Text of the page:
The Lake Placid Awards started way back in 2004, ten years before the birth of the LP Legends, back before I was on the staff. The Dan Spillett Award, the Larry Piatelli Award, and the Jim Muhlfelder Award were memorials to a player, an official, and an organizer who had played significant roles in the LPSC. In 2010, two more awards were created – the Travis Solomon Award and the Tom Pillsworth Award.
Then in 2014, to help celebrate the tournament’s 25th year, Men’s and Women’s Silver Anniversary All-Star Teams were announced, five teams with storied LP histories were dubbed Teams of Distinction, and 16 individuals were singled out as Legends of Lake Placid. It was a long ceremony, but it was the first of its kind, and it took place in the village park on Main Street, with a packed crowd in attendance.
In 2018 we added a Lax All-Stars GROW THE GAME Award, which went to the Queener Family and then the Tri-Lakes Lacrosse Association in 2019, and in 2020, we decided to add the Paul Rose Award.
Since 2014, though, the induction of a new class of Legends was the only constant. The LP Awards were awarded sporadically, with the Piatelli Award being presented most often. The Legends ceremony moved to the main site of competition, the North Elba Athletic Fields, usually in a vendor’s tent, at the end of the day’s game schedule.
From 2015 through 2019, Legends inductions were limited to just two or three recipients – the Kim Brothers and Mark Snyder in 2015; Bill Bergan, Andi O’Connor, and Brent Riley in 2016; Greg Gephardt and Anthony Ortolano in 2017; Dom Starsia and Team Long Island in 2018; and Phil Kessler, Paul Rose, and Roy Simmons, Jr. in 2019 – but this year we decided to combine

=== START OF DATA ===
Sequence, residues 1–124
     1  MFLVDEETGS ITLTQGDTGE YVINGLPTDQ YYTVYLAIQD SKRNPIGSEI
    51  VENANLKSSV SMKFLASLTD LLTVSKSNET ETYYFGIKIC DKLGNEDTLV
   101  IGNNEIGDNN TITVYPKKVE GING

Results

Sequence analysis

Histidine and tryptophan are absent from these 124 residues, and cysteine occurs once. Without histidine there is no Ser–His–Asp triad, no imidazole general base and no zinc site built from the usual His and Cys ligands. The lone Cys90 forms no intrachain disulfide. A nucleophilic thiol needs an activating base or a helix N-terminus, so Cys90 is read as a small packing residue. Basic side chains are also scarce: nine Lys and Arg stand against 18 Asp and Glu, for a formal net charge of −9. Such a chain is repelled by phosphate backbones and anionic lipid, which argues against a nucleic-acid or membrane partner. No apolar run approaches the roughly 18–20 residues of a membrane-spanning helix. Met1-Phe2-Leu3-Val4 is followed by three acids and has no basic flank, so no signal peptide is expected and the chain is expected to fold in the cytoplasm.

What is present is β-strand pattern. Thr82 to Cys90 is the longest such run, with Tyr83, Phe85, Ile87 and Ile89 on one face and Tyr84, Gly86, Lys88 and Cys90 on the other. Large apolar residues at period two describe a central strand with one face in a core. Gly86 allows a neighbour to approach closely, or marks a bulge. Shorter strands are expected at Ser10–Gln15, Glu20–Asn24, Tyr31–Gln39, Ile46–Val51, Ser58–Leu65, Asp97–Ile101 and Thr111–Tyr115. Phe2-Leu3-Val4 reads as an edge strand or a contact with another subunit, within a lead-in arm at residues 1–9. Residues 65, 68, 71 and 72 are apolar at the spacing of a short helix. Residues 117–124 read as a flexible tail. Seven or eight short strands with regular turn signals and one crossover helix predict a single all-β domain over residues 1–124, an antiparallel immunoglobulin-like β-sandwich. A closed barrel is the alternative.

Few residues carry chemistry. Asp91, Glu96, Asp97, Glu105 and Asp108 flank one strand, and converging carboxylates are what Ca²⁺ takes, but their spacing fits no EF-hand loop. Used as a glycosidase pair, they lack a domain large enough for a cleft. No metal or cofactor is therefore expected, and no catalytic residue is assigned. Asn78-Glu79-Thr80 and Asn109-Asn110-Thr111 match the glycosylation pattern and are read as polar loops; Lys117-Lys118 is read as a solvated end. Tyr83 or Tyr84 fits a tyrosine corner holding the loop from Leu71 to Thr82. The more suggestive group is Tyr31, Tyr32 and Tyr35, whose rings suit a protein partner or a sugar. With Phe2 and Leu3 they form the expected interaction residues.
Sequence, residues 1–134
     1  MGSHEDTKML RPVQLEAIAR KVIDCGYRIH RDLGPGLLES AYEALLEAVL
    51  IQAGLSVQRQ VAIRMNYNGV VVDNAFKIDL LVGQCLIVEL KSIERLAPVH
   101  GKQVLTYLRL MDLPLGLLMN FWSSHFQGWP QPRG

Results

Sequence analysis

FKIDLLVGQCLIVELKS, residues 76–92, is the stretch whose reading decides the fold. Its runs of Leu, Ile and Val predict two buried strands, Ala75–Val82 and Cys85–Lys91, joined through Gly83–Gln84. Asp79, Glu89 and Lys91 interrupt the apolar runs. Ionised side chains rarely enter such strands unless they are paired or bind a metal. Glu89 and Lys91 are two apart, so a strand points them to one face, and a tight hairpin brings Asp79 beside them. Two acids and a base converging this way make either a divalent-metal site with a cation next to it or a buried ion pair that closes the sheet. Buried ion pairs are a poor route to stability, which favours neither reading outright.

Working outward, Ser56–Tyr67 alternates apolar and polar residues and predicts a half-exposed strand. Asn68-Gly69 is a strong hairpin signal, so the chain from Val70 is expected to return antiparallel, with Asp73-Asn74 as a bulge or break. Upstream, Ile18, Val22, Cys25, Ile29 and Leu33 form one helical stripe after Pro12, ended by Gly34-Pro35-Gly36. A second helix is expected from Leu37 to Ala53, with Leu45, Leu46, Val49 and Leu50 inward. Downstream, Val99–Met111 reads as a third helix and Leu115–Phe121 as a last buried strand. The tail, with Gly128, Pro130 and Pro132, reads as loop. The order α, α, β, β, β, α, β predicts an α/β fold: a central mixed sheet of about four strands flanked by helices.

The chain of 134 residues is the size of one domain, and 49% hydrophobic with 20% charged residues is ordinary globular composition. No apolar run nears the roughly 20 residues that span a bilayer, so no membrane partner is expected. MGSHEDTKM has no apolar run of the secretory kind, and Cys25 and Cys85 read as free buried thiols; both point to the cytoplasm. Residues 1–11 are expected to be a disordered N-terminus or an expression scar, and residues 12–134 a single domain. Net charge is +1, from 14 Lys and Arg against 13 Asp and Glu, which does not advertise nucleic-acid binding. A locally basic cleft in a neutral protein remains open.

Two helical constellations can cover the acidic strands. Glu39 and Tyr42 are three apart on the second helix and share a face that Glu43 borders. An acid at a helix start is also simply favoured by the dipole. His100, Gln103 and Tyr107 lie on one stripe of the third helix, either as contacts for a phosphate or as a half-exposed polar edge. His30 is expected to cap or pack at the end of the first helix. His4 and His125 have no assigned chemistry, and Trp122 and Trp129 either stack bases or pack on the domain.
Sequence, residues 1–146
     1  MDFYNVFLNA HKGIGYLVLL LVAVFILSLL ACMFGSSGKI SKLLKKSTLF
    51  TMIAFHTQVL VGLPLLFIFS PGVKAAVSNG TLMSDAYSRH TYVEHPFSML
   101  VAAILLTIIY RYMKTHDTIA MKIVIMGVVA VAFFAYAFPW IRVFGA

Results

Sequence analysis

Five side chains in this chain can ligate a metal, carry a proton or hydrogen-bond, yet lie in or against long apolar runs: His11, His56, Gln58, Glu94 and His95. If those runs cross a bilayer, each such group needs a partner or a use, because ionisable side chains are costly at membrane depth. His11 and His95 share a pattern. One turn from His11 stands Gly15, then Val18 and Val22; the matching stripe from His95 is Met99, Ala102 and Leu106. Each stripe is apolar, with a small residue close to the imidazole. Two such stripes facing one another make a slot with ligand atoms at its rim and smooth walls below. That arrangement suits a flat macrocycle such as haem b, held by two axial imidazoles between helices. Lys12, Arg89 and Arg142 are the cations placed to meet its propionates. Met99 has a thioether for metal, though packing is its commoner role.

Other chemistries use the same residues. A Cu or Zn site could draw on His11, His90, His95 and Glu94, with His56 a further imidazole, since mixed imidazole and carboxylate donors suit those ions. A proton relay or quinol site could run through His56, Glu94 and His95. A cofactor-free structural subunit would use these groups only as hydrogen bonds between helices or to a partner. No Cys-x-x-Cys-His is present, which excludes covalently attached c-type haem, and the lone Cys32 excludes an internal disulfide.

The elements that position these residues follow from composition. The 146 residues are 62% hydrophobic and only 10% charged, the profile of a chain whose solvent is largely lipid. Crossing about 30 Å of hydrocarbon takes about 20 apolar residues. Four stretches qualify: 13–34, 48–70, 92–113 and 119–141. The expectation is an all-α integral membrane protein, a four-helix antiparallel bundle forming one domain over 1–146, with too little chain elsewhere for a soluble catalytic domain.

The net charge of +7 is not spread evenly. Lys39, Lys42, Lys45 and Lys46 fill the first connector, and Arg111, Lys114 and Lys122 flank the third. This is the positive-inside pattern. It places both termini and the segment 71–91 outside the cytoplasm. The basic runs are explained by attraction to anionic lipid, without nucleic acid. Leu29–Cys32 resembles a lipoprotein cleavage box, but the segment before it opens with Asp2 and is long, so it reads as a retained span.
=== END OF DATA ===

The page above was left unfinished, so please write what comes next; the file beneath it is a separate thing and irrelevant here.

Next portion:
the Legends with the Lake Placid Awards. There were so many players, organizers, officials, and key contributors who deserved recognition, and we found ourselves debating whether someone on the Silver Anniversary Team or who received the Dan Spillett Award needed to be nominated to be a Legend, and was an LP Award somehow a lesser recognition than a Legend designation?
Working directly with Kevin Leveille and indirectly with his father, George, we planned to increase the number of inductees and merge the Legends with the LP Awards. We found ourselves asking, “So, if we induct so-and-so, under which category does he best fit?”
For the LP Legends of 2020, Kevin and I started reviewing nominations way back around the first of the year. We confidently matched nominees with specific LP Awards, and found that every one of them seemed to fall into place. If we had two worthy candidates for the same Award, then we simply named two recipients.